Relevance, formality, and process : a model for the evaluation of systems analysis methodologies

Smythe, Errol. (1993). Relevance, formality, and process : a model for the evaluation of systems analysis methodologies Honours Thesis, School of Business, The University of Queensland.

       
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Author Smythe, Errol.
Thesis Title Relevance, formality, and process : a model for the evaluation of systems analysis methodologies
School, Centre or Institute School of Business
Institution The University of Queensland
Publication date 1993
Thesis type Honours Thesis
Total pages 155
Language eng
Subjects 1402 Applied Economics
Formatted abstract
This research explored the concepts of relevance, formality, and process as elements of information systems analysis methodologies. The research attempted to refine the concepts and to incorporate them into a framework for the evaluation of information systems analysis methodologies. Based on the development of the concepts within the research, a model was proposed which links the three concepts to assumptions of ontology and epistemology.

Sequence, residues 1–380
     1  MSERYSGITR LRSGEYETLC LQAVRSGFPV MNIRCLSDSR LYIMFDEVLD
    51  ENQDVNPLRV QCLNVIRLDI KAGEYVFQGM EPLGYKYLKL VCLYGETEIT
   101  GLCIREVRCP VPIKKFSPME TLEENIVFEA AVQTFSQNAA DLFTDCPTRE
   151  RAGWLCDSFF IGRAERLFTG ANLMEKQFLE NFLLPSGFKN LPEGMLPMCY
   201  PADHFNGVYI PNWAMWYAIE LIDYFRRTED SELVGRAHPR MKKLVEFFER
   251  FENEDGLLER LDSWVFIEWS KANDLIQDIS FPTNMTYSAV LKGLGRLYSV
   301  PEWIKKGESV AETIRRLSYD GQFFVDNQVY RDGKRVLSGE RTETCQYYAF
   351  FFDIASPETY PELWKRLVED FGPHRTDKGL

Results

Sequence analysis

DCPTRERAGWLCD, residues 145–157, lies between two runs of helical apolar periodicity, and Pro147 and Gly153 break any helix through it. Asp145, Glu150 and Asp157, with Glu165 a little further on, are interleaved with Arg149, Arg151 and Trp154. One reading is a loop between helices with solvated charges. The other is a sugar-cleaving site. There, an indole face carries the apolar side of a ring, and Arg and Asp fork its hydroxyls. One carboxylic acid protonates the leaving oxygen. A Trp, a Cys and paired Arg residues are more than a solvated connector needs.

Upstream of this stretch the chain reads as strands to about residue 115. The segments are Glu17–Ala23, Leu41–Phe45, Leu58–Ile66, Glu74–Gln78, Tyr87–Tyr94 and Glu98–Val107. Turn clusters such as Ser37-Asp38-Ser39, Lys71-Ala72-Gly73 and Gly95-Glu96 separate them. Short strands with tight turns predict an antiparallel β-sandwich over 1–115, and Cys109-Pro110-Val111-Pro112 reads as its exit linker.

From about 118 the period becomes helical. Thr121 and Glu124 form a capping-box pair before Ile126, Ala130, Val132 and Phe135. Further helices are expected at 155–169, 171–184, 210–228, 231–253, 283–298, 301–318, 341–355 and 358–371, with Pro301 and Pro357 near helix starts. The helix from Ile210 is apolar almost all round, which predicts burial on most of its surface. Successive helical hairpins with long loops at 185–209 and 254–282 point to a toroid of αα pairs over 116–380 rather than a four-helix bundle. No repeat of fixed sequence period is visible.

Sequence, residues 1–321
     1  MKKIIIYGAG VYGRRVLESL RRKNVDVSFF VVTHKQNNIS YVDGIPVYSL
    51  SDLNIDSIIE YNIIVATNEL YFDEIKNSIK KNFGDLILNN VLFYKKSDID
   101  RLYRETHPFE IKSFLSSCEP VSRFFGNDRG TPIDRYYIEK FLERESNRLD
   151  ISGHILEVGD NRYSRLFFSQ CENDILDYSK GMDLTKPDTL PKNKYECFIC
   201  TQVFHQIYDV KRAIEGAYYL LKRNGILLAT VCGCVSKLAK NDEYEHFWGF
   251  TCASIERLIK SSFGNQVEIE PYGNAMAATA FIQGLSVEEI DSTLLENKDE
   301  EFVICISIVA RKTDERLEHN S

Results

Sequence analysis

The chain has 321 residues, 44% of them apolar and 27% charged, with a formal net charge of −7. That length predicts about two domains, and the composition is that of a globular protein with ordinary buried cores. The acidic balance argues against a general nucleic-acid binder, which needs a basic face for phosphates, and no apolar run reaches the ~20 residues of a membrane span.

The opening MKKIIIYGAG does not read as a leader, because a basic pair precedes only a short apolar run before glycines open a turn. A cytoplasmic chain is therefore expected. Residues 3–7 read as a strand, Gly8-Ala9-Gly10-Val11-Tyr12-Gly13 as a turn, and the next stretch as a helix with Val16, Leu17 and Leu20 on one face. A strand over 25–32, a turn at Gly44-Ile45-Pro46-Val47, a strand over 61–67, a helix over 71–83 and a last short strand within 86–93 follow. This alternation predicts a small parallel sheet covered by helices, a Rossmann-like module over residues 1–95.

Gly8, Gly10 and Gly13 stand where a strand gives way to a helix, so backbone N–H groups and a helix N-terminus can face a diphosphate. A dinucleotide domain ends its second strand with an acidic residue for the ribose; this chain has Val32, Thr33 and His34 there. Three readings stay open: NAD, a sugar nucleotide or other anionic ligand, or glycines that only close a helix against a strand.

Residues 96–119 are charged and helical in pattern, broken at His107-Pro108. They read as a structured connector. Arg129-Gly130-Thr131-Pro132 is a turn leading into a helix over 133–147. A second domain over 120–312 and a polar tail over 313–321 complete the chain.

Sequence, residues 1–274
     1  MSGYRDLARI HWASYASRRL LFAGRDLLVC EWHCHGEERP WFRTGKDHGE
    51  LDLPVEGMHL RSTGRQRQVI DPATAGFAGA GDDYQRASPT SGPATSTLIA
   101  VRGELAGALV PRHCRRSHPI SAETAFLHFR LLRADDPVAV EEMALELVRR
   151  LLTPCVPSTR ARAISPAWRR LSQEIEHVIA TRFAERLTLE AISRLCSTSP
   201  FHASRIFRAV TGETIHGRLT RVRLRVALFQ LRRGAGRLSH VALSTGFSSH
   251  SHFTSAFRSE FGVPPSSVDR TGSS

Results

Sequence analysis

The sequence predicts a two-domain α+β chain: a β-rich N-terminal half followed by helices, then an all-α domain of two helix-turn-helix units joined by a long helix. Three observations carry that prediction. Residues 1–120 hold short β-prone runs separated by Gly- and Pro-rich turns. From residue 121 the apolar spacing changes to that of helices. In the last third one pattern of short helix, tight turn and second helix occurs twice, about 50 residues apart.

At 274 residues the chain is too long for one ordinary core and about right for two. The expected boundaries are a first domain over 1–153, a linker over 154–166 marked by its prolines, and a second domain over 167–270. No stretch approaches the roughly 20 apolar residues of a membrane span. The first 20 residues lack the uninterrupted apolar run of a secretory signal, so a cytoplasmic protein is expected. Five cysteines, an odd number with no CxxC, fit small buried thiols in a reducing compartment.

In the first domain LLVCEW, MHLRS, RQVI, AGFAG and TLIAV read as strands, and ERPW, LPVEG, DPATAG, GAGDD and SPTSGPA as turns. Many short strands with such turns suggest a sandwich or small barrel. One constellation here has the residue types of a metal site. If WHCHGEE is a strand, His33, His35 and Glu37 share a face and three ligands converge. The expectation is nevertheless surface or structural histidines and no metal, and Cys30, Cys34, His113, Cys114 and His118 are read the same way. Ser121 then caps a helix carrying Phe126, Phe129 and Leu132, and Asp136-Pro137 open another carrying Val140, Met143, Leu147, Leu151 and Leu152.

The model was tested by evaluating an object-oriented analysis methodology. The model was successfully operationalised and the results were used to evaluate the methodology in terms of the three themes of relevance, formality, and process. The methodology was found to be suitable for use in a well-defined problem domain. Potential weaknesses were identified in the methodology, especially with respect to project management.

The model is still in its infancy and requires a great deal of development before it can serve adequately for either theory or practice. The model presents rich opportunities for future research and should serve to focus attention on neglected aspects of information systems theory.


 
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Created: Tue, 02 Nov 2010, 16:23:12 EST by Ning Jing on behalf of The University of Queensland Library